You Can’t See
Delivering the Facts on Preterm Birth
Staying pregnant to full term, or 40 weeks, is one of the best ways to give babies the time they need to grow. Preterm birth—or delivery before 37 weeks of pregnancy—can prevent growth and development from happening inside a baby’s body during the final weeks of pregnancy.1,2
Read on for important information about preterm birth and The Growth You Can’t See, and download a brochure here.
What is Preterm Birth?
Preterm birth is the delivery of a baby less than 37 weeks of pregnancy.2 Preterm birth is more common than you may think. In the United States, approximately 400,000 babies are born too early—or preterm—each year.3
Babies Continue to Develop, Even in those Final Weeks of Pregnancy
Important developments occur during the last few weeks of pregnancy. Babies need every week inside the womb to grow and develop, inside and out.2,4,5 Regardless of birth weight, babies born early are also more likely to be re-hospitalized.8
It's important to know and understand the risk factors for preterm birth. Preterm birth is often unexpected. Some women may have an early delivery due to a medical situation, and sometimes one may have a greater chance of preterm birth due to known risk factors.1,2
Leading Risk Factors
- Prior preterm birth (unexpectedly delivered a baby before 37 weeks in the past)
- Pregnant with twins, triplets, or other multiples
- Problems with uterus or cervix
- African-American heritage
Other Risk Factors
- High blood pressure, stress, diabetes, or being overweight or underweight
- Smoking, drinking alcohol, or using drugs
- Short time between pregnancies
- Certain infections during pregnancy
Understanding Your Risk: Health & Family Segment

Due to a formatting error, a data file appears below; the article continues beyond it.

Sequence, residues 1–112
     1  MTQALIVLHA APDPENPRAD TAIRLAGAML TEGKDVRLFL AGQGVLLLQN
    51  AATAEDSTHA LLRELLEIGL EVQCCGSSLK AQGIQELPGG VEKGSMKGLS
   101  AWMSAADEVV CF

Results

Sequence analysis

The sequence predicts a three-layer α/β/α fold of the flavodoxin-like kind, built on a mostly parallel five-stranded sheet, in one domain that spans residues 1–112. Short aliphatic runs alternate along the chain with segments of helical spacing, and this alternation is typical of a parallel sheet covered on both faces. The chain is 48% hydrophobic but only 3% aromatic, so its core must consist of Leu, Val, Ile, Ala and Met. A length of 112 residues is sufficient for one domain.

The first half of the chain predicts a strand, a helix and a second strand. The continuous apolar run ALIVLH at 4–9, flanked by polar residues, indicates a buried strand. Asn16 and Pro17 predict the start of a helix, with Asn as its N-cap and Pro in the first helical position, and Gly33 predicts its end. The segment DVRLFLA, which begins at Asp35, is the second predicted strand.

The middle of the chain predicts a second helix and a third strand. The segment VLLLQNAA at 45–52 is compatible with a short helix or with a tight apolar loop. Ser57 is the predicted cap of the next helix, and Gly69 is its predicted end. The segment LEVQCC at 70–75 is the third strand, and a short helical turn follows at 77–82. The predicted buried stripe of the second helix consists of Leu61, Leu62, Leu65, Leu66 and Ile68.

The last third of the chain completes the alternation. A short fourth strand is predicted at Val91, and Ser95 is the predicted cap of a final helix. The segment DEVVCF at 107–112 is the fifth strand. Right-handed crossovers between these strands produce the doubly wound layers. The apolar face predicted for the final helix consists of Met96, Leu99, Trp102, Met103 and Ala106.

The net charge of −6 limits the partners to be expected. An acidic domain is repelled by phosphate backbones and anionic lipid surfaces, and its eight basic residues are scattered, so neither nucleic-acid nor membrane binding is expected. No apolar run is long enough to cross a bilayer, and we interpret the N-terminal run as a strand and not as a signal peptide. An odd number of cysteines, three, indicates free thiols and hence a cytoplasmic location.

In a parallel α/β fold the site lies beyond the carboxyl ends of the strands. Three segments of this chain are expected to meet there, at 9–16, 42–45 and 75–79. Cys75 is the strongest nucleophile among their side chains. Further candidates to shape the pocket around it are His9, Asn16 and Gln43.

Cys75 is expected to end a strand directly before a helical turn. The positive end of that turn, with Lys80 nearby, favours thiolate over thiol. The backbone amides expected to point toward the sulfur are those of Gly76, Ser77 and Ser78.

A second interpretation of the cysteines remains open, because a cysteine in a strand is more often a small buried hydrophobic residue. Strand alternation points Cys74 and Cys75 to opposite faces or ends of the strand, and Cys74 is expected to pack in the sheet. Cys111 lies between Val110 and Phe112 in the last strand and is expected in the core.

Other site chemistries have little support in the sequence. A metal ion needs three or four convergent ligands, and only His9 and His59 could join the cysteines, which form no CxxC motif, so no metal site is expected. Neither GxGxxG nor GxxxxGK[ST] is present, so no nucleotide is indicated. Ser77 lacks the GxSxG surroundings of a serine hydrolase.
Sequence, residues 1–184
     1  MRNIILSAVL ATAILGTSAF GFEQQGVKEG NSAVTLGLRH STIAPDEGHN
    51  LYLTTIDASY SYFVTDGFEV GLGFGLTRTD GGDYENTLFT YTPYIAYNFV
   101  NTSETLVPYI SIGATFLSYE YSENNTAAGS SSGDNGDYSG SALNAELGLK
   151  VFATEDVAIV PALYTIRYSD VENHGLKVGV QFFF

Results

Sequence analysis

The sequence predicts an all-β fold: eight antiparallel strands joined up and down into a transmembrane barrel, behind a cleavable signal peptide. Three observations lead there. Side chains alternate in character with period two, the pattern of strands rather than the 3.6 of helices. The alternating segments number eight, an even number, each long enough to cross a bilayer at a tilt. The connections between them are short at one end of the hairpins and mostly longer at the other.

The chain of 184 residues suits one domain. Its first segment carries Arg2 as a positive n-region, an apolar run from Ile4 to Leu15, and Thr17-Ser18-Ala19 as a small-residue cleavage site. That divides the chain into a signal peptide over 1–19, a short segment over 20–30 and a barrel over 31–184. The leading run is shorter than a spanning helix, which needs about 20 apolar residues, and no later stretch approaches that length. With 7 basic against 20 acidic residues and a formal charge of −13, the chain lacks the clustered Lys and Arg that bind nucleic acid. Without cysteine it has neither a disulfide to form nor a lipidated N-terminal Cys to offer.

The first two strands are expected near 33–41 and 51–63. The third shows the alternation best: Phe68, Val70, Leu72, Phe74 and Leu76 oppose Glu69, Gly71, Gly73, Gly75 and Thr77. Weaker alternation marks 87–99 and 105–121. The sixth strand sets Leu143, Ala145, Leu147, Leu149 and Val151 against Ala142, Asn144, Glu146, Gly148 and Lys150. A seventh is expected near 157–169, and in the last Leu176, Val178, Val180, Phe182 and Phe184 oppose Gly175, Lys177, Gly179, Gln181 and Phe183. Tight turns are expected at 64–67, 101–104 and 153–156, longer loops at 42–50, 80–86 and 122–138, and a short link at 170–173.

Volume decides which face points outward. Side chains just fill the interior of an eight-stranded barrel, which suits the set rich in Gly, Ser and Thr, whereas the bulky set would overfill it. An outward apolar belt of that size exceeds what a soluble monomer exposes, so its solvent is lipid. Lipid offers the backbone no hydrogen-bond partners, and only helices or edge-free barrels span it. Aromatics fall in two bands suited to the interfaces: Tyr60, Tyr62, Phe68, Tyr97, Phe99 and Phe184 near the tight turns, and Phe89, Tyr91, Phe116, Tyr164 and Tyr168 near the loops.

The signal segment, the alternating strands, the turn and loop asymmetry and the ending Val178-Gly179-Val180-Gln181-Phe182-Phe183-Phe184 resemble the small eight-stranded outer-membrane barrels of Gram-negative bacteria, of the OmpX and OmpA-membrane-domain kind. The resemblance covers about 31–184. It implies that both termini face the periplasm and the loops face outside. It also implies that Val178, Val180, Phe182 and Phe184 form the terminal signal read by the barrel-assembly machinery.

Learn if you may be at risk for preterm birth. Watch this segment from Health & Family to hear from a Maternal-Fetal Medicine specialist on preterm birth and its risk factors, and from a mom of two premature babies (26 and 23 weeks), who also shares her experiences.
Signs & Symptoms of
Pregnant women should be familiar with the signs of preterm labor. If any signs or symptoms of preterm labor occur before a baby’s due date, contact a healthcare provider as soon as possible.
Contractions, or tightening of the belly muscles, every ten minutes or less
Belly cramps with or without diarrhea
Low, dull backache
Cramps resembling menstrual cramps
Feeling of pressure in the pelvic area
A change in vaginal discharge
How to Lower Your Risk
of Preterm Birth
If you think you may be at risk for preterm birth, help protect your baby and seek early prenatal care. Talk to your healthcare provider about ways you can reduce your risk.
including possible treatment options.
At Risk for Preterm Birth: Pregnancy Stories
Hear how other moms learned about their preterm risk through these stories and video.
Free Educational Resources
If you’re a healthcare provider, patient advocacy organization, insurance company or someone interested in sharing educational materials, you can order The Growth You Can’t See brochure and/or a poster (in English or Spanish) and download a digital toolkit for free, including the brochure, poster and informational videos. Some materials are available in multiple languages.